I’m always seeing articles touting flat belly foods in women’s magazines and fitness magazines, and while some are good suggestions, they always miss the mark in my opinion by including certain foods that have the potential to cause uncomfortable bloating in some folks. Even saw a couple lists recommending soy and corn, two foods many folks have trouble digesting, and they are common food allergens that have the potential to contribute to GI upset.
Check out my list of true flat belly (and fat belly) foods.
Flat Belly Foods
1) Greens: spinach, chard, kale, collards, dandelion greens, beet greens, mixed salad greens, arugula. The dark leafys are my premier pick for the superfood belly fat-banishing powerhouse. High in minerals, antioxidants, fiber, and low in calories, greens should be the base of several of your weekly meals. Did you know that greens are also high in calcium? And minerals such as calcium and magnesium are essential for relaxation of central nervous system; they help your body deal with stress. High stress causes cortisol levels to rise, which causes your body to store fat (especially around the abdominal region) and crave sugar. Eat greens liberally.
2) Raw kraut/Fermented veggies: raw kraut is the end result of fermenting vegetables, usually shredded cabbage (but you can use beets and carrots to avoid the goitrogenic properties of cabbage if you’re low thyroid). Sea salt is added, and it sits and grows and magic happens. The result of the magic fermentation process is production of billions of good bacteria known as probiotics and enzymes that aid in digestion. If you experience bloating, gas, or other digestive issues, probiotics are a must for you. Increase probiotics to outweigh the bad guys, and watch your bloating disappear. Eat 1/4 cup or so of raw kraut as a condiment with meals. Studies indicate that good probiotic levels in the gut are necessary for weight loss. If you prefer a beverage, I highly recommend coconut water kefir.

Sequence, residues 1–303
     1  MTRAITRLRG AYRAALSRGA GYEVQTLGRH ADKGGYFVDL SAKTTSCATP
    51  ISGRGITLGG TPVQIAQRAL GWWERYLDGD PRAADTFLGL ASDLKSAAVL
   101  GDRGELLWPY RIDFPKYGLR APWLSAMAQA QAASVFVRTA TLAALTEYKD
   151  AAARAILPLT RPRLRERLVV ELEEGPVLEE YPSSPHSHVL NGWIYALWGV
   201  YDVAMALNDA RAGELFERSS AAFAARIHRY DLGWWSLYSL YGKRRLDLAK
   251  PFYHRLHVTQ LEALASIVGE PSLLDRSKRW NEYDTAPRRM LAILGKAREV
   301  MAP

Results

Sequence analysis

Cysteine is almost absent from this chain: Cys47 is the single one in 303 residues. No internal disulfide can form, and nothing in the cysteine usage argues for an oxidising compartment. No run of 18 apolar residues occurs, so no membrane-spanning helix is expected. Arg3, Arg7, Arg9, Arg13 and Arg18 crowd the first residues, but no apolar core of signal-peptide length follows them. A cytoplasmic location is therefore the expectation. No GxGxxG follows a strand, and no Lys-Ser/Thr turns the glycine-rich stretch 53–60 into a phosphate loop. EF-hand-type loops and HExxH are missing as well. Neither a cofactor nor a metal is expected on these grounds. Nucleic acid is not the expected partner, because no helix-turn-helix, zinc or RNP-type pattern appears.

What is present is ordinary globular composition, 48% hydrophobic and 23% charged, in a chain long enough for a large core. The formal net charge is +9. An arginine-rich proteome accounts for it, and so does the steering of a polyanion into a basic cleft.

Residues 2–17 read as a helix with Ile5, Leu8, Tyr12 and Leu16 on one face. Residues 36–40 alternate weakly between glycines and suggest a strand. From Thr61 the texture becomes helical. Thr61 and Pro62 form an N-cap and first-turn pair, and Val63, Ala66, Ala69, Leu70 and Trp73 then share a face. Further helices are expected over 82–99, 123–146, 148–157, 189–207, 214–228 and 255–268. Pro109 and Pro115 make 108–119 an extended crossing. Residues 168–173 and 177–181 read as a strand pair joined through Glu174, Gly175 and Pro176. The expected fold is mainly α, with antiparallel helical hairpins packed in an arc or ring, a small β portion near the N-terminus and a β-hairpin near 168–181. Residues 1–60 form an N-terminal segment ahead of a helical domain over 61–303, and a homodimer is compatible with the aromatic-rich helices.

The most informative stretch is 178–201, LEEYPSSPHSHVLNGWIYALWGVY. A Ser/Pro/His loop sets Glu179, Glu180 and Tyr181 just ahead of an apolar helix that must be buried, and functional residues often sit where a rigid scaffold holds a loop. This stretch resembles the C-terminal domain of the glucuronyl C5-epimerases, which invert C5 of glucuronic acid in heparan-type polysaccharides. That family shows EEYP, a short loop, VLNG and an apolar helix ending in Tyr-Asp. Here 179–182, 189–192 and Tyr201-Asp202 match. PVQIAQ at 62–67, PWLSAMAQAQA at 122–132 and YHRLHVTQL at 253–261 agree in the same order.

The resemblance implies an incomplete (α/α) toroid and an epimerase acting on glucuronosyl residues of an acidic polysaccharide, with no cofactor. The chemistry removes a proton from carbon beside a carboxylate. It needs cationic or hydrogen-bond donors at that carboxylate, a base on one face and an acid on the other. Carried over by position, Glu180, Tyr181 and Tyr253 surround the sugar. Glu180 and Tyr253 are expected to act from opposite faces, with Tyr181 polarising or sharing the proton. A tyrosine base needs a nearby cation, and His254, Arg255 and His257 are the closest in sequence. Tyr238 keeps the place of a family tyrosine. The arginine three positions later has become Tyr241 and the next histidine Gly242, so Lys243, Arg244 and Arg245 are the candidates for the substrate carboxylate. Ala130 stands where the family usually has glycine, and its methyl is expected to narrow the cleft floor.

3) Chia seeds: you’ll see almonds and other nuts on every flat belly health food list, and that’s all well and good, but many folks have trouble digesting nuts because of the phytic acid content (which can be reduced by soaking them), and many of my clients have trouble limiting their nut consumption. Nuts and nut butters seems to be a trigger food (meaning it’s easy to go nuts and overeat them). I prefer chia seeds as a flat belly food because of their excellent omega 3 fatty acid profile, and they’re a good source of fiber to keep you full. They’re also a decent source of protein and minerals such as manganese and phosphorus. Chia has a blood sugar stabilizing effect that controls insulin levels and fat storage. Add 1 tbsp to smoothies, or make chia puddings.
4) Wild Salmon: high in the good omega 3 fats, a good source of high quality protein, and low in calories, salmon is a flat belly superfood. The cold water, high fat fish like cod and salmon are perfect sources of protein if you’re on a weight loss plan. Protein is necessary for satiety and to reduce sugar cravings. Salmon is also high in vitamin D, which is hard to get from food, and we are seeing a lot of vita D deficiency these days. It’s necessary for immune & bone health.
5) Green tea: ok, ok, I know green tea isn’t a food, but I love it so much as a flat belly super-beverage. Green tea has thermogenic properties, meaning it stokes the body’s fat burning furnace and helps boost metabolism. Plus, is provides minerals and antioxidants along with benefits like cavity prevention. Drink this stuff!